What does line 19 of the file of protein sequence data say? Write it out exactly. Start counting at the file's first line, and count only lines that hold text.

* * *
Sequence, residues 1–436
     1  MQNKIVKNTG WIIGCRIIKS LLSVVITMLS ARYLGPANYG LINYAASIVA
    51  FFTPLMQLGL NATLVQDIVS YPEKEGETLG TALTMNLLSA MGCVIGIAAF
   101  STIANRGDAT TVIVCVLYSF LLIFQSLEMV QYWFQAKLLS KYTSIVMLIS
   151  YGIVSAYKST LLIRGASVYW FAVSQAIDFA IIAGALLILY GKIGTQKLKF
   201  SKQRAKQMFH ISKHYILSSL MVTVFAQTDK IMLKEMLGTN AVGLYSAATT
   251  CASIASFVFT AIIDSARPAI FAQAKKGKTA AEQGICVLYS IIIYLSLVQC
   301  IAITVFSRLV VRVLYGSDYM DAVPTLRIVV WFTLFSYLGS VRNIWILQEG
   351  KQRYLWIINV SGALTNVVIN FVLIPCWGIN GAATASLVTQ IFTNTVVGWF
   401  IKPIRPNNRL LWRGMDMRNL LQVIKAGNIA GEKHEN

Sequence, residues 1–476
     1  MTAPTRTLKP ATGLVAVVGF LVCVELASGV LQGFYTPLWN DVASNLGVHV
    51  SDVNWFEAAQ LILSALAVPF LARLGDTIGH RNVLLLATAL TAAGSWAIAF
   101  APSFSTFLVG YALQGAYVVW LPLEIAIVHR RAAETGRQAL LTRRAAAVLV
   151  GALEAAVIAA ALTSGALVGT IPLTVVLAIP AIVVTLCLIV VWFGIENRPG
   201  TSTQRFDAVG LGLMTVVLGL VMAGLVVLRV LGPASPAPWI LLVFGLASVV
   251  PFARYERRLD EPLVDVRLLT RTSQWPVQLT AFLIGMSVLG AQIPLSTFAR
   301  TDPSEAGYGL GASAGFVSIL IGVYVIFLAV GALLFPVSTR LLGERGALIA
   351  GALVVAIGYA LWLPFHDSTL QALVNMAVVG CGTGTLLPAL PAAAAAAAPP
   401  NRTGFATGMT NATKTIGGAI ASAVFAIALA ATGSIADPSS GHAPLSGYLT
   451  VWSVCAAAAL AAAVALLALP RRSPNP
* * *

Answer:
   351  GALVVAIGYA LWLPFHDSTL QALVNMAVVG CGTGTLLPAL PAAAAAAAPP